Earthquake swarm in American Samoa continues, source beneath Manu’a Islands

manu'a islands american samoa map

The earthquake swarm in American Samoa continues without significant changes. Residents reported that earthquakes began about 3 weeks ago, with the first felt earthquake reported on July 26, 2022, USGS Hawaiian Volcano Observatory (HVO) reports.

Approximately 20 earthquakes per hour are being recorded by the two microseismometers installed in the Manuʻa islands, but most of them are too small to be felt.

Estimated magnitudes of the largest earthquakes, including the felt events, are between M2 and 3.

Seismic data indicate that the source for these earthquakes is beneath the Manuʻa Islands, likely closer to Taʻū island rather than Ofu-Olosega, and are not related to Vailuluʻu seamount. 

Reports from both Taʻū and Ofu-Olosega islands suggest that the earthquakes vary in intensity, but are generally short, sharp jolts.

The earthquakes are more likely to be felt by people indoors at rest and along the coast, where buildings sit on sediment that amplifies shaking. These factors are probably responsible for the variability in reporting.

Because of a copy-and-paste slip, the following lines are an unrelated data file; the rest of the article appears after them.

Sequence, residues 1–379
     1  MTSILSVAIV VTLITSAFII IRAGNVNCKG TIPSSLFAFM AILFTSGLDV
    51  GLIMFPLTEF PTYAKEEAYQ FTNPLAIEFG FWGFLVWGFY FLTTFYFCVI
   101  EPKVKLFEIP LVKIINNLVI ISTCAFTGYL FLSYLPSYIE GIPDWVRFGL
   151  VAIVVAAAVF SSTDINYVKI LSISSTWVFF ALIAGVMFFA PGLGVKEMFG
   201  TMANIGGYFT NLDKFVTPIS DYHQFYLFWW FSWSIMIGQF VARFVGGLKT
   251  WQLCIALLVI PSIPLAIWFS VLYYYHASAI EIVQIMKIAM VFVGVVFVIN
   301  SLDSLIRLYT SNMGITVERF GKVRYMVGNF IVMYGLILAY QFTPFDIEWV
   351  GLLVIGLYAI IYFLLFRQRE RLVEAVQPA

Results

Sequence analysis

Current low-level earthquake activity may continue and vary in intensity for days to months or longer without an eruption, HVO said. It is also possible that the swarm is an early precursor to an eventual eruption.

“At this time, we cannot determine which of these possibilities is more likely. A large explosive eruption similar to the Tonga eruption earlier this year is extremely unlikely. ”1

Geological summary

The 10 km (6.2 miles) wide Ta’u Island, located at the E end of the Samoan islands, is ringed by sea cliffs. It is the emergent portion of the large Lata shield volcano.

A major flank collapse event around 22 ka resulted in the steep scarps on the southern side of the island. Two smaller shields were constructed along rift zones at the NW and NE tips of the island.

The NW corner of the island has a tuff-cone complex that ejected large dunite xenoliths and coral blocks. Numerous Holocene post-caldera cones occur at the summit and on the flanks.2

References:

1 HAWAIIAN VOLCANO OBSERVATORY INFORMATION STATEMENT – U.S. Geological Survey -Thursday, August 18, 2022, 08:35 UTC

2 Ta’u – Geological summary – GVP

Featured image credit: TW/SAM, Google

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